Tuesday, 4 February 2014

Questions (439)

Aengus Ó Snodaigh

Question:

439. Deputy Aengus Ó Snodaigh asked the Minister for the Environment, Community and Local Government if there was an air quality report performed during and after the recent fire in the Oxigen plant in the Ballymount industrial estate; and the outcome of the report. [4944/14]

View answer

Written answers (Question to Environment)

The Environmental Protection Agency (EPA) was informed, via its emergency line, in the early hours of Saturday, 25 January of a serious fire outbreak at the Oxigen Environmental Waste Facility at Ballymount, Dublin 12. EPA officials were quickly on site and continued to attend the site each day, working in co-ordination with the Gardaí and Dublin Fire Brigade in managing the incident. While the smell of smoke from the fire was reported across Dublin immediately following the outbreak, the results from the EPA’s national ambient air quality monitoring network show that there was no breach of air quality standards at any of the monitoring stations in the network for the duration of the fire. This includes stations at Ballyfermot, Tallaght, Blanchardstown, Rathmines and in the city centre. It is thought that the strong winds assisted in the dispersion of the plume. Elevated pollution levels were recorded by the closest monitor, located at Ballyfermot Library, but these were still within prescribed pollutant limit values for the protection of human health set out in national and EU air quality legislation.

The EPA issued the following health related advice to local residents:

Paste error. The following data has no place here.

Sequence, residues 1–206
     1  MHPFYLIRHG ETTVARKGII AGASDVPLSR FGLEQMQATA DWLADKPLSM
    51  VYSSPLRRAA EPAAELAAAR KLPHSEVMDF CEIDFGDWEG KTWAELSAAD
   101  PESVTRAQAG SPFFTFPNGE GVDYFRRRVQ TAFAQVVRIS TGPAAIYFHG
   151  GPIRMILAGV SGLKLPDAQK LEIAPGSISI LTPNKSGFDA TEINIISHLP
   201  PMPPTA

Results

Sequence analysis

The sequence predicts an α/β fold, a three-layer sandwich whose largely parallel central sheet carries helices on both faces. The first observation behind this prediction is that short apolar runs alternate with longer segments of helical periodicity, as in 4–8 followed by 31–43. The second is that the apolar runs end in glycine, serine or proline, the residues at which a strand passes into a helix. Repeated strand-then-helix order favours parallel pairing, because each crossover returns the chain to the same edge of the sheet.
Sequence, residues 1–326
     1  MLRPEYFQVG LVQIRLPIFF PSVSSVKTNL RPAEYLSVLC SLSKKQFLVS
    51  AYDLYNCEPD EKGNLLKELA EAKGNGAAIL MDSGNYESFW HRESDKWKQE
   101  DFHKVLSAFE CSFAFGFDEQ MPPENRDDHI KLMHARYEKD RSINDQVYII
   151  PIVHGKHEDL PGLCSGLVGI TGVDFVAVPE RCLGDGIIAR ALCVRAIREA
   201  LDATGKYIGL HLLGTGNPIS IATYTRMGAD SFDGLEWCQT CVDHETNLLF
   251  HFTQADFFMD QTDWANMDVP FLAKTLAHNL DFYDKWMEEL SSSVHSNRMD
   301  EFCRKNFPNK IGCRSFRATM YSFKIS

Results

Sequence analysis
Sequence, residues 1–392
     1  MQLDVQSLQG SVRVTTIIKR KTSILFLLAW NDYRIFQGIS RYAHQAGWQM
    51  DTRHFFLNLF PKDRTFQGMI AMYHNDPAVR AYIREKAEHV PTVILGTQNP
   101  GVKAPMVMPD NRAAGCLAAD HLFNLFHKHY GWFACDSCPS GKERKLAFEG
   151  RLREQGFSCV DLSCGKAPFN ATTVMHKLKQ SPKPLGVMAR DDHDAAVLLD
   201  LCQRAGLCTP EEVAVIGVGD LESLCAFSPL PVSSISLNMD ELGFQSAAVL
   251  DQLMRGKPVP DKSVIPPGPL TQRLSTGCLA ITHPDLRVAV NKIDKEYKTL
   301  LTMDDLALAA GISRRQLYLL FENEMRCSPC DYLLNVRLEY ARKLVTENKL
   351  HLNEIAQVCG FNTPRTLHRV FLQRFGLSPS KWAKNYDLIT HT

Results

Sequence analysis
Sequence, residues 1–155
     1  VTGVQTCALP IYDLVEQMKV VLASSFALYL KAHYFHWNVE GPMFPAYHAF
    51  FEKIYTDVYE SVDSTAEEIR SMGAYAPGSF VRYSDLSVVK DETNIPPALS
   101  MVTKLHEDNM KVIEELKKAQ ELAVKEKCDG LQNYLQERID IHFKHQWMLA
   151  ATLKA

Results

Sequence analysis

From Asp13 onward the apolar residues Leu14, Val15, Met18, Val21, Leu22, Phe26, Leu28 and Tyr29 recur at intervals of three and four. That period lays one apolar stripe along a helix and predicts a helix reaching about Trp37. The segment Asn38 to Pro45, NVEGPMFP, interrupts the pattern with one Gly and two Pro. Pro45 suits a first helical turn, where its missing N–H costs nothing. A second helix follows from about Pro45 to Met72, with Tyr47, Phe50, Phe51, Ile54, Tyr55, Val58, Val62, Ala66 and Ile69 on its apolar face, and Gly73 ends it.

- Anyone in the path of the plume was advised to keep windows and doors closed.

- Adults and children with heart or lung problems should reduce strenuous physical activity, particularly outdoors, and particularly if they experience symptoms. People with asthma may find they need to use their reliever inhaler more often.

- Anyone experiencing discomfort such as sore eyes, cough or sore throat should consider reducing activity, particularly outdoors.

The EPA’s air quality health index was used to give advice to the public and was updated regularly via the twitter account @EPAAirQuality. The incident notification on the EPA’s website was also regularly updated - www.epa.ie/newsandevents/incidents/. EPA inspectors undertook additional air monitoring over the duration of the fire. While it is too early at this stage to provide a fully detailed air quality report, these results are being compiled and a report on the monitoring undertaken will be prepared by the EPA.